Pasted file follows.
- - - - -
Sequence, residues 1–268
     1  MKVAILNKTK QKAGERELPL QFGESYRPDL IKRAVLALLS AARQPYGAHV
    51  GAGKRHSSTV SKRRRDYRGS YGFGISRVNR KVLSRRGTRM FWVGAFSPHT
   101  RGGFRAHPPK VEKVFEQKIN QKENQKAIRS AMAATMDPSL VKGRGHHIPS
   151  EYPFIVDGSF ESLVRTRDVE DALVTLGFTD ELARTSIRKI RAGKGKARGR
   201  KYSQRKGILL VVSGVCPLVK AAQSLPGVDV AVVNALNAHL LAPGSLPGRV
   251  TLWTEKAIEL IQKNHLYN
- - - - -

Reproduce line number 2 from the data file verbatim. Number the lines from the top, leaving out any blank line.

     1  MKVAILNKTK QKAGERELPL QFGESYRPDL IKRAVLALLS AARQPYGAHV